How to Tell If You Can Afford to Quit Your Job
Planning on quitting your current job? Can you answer “yes” to these questions?
- Do you know what your monthly expenses are?
- Do you have enough savings to survive without income for three to six months?
- Can you survive one month without using your credit card?
If not, you may need to plan further ahead in order to safely quit your job.
Sometimes you just have to quit. But in the current job market, it may be a few weeks (or even months) before you can slip into a new job at a different company. If there is going to be dead time between jobs, and especially if you don’t already have a job backup plan, good financial planning will make all the difference.
Quitting Your Job Requires Disciplined Financial Planning
The first thing you’ll want to do is create a personal budget with a specific focus on tracking your expenses. Remember to factor in all your outgoing finances, don’t forget automatic bill payments, and any loan payments.
Next, look for things to cut. Cut your spending as ruthlessly as possibly. You may want to experiment for a few weeks to make sure you can maintain a scaled back lifestyle while you look for the next work opportunity. Don’t strangle your budget to a point where you can’t live and eat, but meals out, entertainment subscriptions, monthly shipments, and anything non-essential may have to go. You may need to downgrade phone and internet service.
Remember that those monthly subscriptions can be the death of a thousand cuts. Five dollars for a website subscription here, $15 for a streaming service there, an extra $20 for unlimited data … Try and get those automated payments either off your back completely or reduced.
This is something I learned from nonprofit management: never completely zero out your budget. Always assign a percentage, say 10 percent, for unexpected occurrences and emergencies.
Save For Emergencies
Even if you have a job offer, things could always fall through. The job may not work out, or the hiring process might get delayed. Based on your adjusted expenses budget, you’ll want to make sure you have enough in your savings for at least two months, preferably six.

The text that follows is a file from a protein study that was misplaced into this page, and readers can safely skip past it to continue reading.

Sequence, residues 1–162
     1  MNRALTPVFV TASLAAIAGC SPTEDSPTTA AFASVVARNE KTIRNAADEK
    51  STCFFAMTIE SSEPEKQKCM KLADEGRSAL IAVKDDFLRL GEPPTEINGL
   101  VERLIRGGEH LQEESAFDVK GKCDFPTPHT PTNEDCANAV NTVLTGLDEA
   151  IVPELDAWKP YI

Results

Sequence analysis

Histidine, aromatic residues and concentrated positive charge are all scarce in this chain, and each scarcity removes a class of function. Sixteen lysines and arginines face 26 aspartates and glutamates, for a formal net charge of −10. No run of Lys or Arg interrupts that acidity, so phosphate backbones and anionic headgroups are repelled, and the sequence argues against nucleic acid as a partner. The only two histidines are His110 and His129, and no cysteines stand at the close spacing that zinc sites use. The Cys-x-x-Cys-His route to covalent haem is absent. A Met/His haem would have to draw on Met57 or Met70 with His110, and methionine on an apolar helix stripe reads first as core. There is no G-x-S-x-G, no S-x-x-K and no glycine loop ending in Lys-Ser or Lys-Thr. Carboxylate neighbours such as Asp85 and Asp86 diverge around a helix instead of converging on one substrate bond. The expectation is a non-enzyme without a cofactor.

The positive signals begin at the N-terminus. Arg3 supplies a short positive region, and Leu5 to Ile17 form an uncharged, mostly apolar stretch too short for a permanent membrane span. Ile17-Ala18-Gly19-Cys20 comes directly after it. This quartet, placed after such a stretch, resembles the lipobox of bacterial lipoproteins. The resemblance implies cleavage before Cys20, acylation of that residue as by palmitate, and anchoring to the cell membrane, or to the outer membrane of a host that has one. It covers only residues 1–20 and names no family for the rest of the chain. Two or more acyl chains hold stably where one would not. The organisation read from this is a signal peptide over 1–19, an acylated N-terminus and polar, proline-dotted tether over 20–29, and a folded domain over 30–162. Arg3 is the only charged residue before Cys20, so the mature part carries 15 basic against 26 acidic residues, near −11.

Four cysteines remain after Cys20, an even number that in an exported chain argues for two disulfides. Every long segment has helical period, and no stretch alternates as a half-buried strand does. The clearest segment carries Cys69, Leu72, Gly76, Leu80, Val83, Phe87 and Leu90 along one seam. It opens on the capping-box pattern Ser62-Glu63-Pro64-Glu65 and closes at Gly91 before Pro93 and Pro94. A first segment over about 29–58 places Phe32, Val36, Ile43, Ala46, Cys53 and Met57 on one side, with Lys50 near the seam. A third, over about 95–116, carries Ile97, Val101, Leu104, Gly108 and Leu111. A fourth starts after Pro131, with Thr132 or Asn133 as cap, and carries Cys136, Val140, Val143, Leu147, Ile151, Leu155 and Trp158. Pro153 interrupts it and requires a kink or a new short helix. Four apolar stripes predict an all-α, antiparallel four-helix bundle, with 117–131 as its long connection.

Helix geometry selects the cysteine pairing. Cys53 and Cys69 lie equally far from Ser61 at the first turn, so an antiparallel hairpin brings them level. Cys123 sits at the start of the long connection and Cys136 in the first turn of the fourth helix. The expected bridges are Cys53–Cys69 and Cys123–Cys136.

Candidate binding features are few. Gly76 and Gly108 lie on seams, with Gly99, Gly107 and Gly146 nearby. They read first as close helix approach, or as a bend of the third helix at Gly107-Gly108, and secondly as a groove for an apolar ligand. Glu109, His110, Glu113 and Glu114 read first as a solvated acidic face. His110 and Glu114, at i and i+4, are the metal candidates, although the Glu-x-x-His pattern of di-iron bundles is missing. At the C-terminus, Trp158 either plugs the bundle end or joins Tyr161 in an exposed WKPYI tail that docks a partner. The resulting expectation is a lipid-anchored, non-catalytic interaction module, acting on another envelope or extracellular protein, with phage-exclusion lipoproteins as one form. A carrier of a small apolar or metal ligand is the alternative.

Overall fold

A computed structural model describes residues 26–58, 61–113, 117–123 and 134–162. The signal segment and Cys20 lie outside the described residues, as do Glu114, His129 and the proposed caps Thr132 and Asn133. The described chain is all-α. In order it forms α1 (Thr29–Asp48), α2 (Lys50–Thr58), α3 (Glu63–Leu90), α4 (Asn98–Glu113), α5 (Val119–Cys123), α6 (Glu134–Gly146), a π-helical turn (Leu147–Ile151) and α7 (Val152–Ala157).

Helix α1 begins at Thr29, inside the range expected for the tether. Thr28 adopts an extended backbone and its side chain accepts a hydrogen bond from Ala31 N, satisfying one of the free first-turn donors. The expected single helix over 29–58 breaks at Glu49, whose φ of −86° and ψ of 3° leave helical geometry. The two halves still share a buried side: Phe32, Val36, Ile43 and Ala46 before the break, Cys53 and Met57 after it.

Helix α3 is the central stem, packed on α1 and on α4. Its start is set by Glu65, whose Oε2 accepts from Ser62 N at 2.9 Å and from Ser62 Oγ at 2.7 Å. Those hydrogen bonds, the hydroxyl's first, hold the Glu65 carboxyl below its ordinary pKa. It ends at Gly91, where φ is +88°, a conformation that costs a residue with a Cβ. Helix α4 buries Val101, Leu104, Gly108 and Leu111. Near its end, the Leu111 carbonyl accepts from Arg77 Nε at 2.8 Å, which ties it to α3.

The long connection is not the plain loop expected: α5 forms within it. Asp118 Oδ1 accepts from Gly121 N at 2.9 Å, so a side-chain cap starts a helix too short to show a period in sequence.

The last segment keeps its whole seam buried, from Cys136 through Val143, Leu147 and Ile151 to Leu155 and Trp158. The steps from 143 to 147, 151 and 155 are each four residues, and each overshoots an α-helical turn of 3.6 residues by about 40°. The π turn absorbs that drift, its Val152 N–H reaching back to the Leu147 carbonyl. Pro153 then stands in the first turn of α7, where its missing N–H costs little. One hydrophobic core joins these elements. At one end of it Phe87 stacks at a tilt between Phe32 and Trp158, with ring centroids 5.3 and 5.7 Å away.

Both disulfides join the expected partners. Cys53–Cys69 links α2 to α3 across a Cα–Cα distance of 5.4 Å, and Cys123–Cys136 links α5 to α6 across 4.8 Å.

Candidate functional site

If you’re already a Fiscal Tiger, you’ve been saving an emergency fund for job loss every month as a matter of routine. If you don’t have the savings to cushion you, try to stick out until you do. Relying on savings to carry you through unemployment will have your credit screaming “ICEBERG AHEAD!”
Can You Afford Health Insurance?
If you’re going to be out of work for more than a month, you’re going to want to look into alternative health insurance options. Remember that under the ACA, if you’re without insurance for more than two months you’ll be hit with a tax penalty. Even with the future of US healthcare in flux, health insurance probably isn’t one of those budget areas you want to cut.
Make a Job Plan
The ideal transition is to have an offer on the table before you quit your job. But that isn’t always feasible. You will want to create a detailed plan to get you out of unemployment and into the right job as quickly as possible.
Shoot for the stars, of course. Create a plan around your ideal job, but think about other ways your skills are applicable, and other industries that will provide you with what you need. Spread your job hunting net wide but do it with intention. Ideally, you’ll have an idea of which positions and companies to target before you start. Check job ads carefully to make sure you’re applying for the right job and making the best use of your time.
Make a list of local networking events, check for companies hosting open houses, and hit the streets in addition to your online search. You’d be surprised by the difference a resume dropped off in person makes. Give yourself a productivity quota. Treat looking for jobs like a job. Put in a full work week at it once you’re unemployed.